TECHNOLOGY pioneers tackling overcrowding at Scotland’s tourism hotspots are hoping the extended Jubilee bank holiday weekend provides the data they need to create a better visitor experience.
A tech startup called Whereverly, one of many companies in Scotland’s burgeoning traveltech scene, is working with Loch Lomond and the Trossachs National Park, Stirling Council and Perth & Kinross Council to address issues that have generated negative headlines in recent years – traffic jams, overflowing bins, inappropriate camping and fires, and disruption to local residents.
A tech platform is being developed which uses data from sensors which count footfall and traffic within the National Park. This will show in real time on a map which areas are busy.
Along with on-the-ground observations added by countryside rangers, this year’s sensor data will be used to train an algorithm so that in future crowded areas and times can be predicted, with visitors offered alternative suggestions for places to go. These nudges could be communicated to visitors via an app, automated social media feeds and variable message road signs.
The project was prompted by the pandemic, which caused many more people to explore the natural environment on their doorstep. Whereverly’s technology, which aims to give visitors a stress-free experience, could be rolled out to other tourism hotspots. Whereverly is already in discussion with other guardians of our natural heritage.
Iain McNeill from Whereverly said:
“We’re using technology to tackle a problem that has come about due to the pandemic. It’s great that many more people are exploring the natural environment closer to home but it is putting areas such as Loch Lomond and Loch Tay under strain. The upcoming holidays will be a significant test and an important opportunity to gather the data we need to train the algorithm we hope to use in future.”
“In developing our product, we have already spoken to a range of users of the national park. Even regular motorhome users were surprised to see the alternative locations that exist within the park, so in future they don’t have to go to the same crowded spots.”
“This is about giving people information to make informed choices, so we can continue to enjoy a booming visitor economy but more evenly spread.”
Josh Ryan-Saha, Director of TravelTech for Scotland, a University of Edinburgh-based project supporting the booming sector, said:
“The work that Whereverly is doing is a great example of the innovation flowing from Scotland’s thriving traveltech sector, perhaps best known for success stories such as Skyscanner. By combining data from sensors with human input from workers on the ground and applying an algorithm we could see an end to the kind of overtourism that has given Scotland a real headache in recent years.”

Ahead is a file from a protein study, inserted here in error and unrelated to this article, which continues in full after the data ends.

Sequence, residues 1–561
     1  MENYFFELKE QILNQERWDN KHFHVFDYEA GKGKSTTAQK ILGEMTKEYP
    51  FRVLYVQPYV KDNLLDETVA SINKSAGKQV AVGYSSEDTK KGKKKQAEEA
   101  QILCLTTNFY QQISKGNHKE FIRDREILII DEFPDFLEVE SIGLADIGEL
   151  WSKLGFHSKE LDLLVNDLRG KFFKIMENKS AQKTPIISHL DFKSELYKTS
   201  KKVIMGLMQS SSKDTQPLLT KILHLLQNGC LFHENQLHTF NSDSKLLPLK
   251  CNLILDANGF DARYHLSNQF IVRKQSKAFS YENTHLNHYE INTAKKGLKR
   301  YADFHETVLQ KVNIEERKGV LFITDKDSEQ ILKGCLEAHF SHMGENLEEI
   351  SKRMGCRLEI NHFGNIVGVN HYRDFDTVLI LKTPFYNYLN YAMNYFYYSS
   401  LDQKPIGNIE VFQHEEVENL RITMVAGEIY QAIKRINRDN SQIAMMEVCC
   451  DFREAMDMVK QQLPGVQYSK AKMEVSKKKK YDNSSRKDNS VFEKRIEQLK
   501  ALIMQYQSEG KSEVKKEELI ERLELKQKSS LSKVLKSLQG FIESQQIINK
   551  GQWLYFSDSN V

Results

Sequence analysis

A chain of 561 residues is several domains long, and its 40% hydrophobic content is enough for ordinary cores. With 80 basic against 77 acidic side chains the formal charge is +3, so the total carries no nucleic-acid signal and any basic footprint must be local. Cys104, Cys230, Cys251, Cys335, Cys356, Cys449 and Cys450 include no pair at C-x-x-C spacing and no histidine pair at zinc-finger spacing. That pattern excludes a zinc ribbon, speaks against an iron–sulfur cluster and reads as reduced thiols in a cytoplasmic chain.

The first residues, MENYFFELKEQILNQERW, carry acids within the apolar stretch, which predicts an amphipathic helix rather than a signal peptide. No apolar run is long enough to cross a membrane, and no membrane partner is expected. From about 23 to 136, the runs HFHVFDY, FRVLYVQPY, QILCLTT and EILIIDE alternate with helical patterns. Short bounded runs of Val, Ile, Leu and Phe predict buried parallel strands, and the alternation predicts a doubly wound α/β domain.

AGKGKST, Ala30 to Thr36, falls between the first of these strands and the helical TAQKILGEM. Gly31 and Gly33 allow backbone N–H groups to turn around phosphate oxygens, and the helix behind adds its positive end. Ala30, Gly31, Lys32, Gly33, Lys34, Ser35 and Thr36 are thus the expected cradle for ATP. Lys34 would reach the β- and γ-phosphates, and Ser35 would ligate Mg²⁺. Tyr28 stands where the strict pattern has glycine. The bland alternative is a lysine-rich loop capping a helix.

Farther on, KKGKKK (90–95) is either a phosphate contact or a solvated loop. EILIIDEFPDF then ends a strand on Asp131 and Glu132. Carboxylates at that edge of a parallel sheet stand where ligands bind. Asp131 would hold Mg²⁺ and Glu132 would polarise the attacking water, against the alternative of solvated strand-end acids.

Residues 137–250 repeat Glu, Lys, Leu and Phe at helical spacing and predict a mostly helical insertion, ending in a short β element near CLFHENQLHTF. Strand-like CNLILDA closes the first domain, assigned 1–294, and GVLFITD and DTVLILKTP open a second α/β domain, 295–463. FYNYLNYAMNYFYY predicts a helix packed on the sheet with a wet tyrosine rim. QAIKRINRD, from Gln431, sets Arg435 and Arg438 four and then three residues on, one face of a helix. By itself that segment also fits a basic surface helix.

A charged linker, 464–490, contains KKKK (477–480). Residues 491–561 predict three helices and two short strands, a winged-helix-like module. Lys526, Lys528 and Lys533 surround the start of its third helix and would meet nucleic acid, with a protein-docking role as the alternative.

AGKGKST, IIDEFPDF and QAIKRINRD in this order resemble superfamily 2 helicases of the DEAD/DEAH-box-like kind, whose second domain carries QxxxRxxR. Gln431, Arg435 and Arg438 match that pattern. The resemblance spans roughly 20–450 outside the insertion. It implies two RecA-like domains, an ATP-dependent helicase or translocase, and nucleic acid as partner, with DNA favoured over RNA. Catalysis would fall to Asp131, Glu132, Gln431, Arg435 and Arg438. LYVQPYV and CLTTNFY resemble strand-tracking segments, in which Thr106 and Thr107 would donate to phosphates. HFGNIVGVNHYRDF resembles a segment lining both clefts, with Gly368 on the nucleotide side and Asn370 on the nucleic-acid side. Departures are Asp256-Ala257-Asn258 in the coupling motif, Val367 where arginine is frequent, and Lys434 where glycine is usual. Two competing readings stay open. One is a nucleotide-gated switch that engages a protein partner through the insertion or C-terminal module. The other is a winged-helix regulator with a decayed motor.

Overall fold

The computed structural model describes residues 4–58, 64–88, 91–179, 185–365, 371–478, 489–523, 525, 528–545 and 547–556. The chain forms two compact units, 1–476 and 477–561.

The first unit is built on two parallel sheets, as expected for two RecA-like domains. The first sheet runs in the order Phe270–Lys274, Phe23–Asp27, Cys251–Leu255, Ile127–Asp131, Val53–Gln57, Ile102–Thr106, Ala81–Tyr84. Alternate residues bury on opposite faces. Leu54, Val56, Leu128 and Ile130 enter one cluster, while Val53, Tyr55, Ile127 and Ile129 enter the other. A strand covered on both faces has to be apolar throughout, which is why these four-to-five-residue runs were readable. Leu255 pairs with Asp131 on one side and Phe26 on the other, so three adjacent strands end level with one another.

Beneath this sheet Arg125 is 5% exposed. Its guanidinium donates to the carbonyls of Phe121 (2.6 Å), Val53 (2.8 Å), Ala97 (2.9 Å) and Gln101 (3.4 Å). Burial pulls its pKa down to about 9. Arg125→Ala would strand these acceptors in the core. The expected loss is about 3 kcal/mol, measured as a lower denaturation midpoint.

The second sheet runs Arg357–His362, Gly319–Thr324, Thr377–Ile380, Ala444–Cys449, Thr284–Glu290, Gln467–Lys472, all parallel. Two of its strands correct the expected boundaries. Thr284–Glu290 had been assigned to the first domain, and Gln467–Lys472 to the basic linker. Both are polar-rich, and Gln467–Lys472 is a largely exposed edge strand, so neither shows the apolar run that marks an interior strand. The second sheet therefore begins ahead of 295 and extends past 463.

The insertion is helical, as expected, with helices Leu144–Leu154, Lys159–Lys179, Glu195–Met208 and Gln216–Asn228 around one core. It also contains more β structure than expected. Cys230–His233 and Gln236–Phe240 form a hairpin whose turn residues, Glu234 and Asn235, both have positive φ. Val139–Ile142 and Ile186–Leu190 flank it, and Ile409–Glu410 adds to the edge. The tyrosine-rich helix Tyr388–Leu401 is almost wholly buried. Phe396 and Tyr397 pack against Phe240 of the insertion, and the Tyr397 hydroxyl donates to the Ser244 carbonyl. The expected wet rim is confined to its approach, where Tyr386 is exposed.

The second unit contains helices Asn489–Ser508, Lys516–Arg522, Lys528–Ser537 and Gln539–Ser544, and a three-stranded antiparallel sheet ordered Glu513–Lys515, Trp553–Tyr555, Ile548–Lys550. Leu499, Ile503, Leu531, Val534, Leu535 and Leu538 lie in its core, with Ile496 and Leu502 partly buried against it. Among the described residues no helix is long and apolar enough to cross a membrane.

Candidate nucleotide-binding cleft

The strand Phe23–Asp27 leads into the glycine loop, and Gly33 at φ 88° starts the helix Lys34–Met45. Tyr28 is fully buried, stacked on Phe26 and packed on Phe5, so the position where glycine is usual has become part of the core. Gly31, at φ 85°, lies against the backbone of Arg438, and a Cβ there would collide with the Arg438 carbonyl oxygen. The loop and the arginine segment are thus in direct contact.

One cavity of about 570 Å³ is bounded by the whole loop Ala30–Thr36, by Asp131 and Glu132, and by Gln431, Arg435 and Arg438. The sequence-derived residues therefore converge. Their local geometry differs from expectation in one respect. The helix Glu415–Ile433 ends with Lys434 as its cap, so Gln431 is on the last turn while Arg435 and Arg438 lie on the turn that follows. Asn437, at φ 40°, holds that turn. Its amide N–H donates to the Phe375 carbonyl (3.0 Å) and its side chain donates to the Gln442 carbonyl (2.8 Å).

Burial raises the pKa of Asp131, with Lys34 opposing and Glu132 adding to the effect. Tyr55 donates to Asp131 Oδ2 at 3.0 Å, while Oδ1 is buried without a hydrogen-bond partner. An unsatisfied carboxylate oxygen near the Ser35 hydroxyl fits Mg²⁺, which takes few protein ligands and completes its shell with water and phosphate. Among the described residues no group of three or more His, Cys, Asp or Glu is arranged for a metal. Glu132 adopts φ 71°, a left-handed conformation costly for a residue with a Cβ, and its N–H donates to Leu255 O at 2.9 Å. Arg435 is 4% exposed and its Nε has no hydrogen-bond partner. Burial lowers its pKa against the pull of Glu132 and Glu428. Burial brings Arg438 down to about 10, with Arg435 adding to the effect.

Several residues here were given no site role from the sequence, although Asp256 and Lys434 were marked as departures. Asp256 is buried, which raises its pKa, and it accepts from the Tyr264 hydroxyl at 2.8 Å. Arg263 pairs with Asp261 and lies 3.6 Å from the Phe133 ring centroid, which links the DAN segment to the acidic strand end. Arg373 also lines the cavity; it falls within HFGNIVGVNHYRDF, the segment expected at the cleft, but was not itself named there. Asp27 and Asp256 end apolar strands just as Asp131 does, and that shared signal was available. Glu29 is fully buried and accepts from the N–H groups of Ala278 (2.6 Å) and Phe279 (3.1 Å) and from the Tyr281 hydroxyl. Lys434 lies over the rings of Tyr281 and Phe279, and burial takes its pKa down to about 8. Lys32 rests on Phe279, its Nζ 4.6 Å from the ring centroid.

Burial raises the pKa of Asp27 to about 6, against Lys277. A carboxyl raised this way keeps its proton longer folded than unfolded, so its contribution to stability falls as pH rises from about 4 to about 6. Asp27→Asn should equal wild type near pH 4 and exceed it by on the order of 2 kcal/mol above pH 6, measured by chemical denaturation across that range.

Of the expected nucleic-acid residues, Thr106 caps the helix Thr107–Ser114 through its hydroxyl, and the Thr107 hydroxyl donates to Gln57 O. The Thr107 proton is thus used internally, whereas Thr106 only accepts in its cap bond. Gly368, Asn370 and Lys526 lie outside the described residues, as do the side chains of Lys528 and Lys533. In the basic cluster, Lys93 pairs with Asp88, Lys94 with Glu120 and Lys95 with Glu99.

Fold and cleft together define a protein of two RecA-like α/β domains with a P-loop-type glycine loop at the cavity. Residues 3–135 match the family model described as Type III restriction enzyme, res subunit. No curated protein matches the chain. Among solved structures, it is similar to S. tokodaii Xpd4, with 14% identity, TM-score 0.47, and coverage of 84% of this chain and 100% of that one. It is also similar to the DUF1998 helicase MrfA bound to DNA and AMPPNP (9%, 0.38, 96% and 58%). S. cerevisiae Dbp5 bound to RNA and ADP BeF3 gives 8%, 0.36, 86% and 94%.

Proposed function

“Traveltech is all about improving the quality of experience, and it’s exciting that some of the most innovative work in this area is happening right here across Scotland.”
“In addition to Whereverly, Scotland’s sustainable visitor management is benefiting from collaborations with traveltech companies such as Fuse Mobility, which has developed a travel planning app for Loch Lomond and the Trossachs National Park. In the Cairngorms National Park, Wilderness Insights are deploying sensors, developing technology and analytics to deliver real time insights from remote locations.”
“And in East Lothian, Traveltech for Scotland is working with East Lothian Council, on a project using sensors on the area’s beaches to generate real time, geo-referenced, ‘busy-ness’ data via an app. This will enable visitors to understand where less crowded destinations are, how to get to them, and what other attractions and facilities exist nearby.”
Matt Buckland of Loch Lomond and the Trossachs National Park Authority said:
“If not properly managed, large numbers of visitors can put pressure on the natural environment, communities, businesses, and the experience of tourists themselves. There are different ways of addressing these issues and one of them that is currently underutilised is the effective use of technology. Our visitors having access to up-to-date information to allow them to make informed decisions before starting their journey can help to alleviate these issues.”
“This data can also be used by field staff such as the Loch Lomond & The Trossachs National Park Ranger Service to make sure that they can be deployed efficiently. The final use of data is to build an understanding of trends which can influence investment in new facilities and then test the success of these investments. Working with Whereverly and the other partners is an exciting opportunity to introduce a smarter way of managing visitors to Scotland’s beautiful landscape to ensure it can remain special for those who live and work in these areas and the tourists themselves.”
Whereverly’s innovative work highlights the contribution that digital technology approaches can make to sustainable visitor management, serving to support the significant partnership working on this to date, led by VisitScotland, NatureScot and other industry partners including both of Scotland’s National Parks.
Whereverly had responded to a CivTech Scotland Challenge. CivTech is a Scottish Government run Accelerator for digital public services. It was launched in 2016 to inject innovation into how the public sector uses technology to improve the lives of Scotland’s citizens.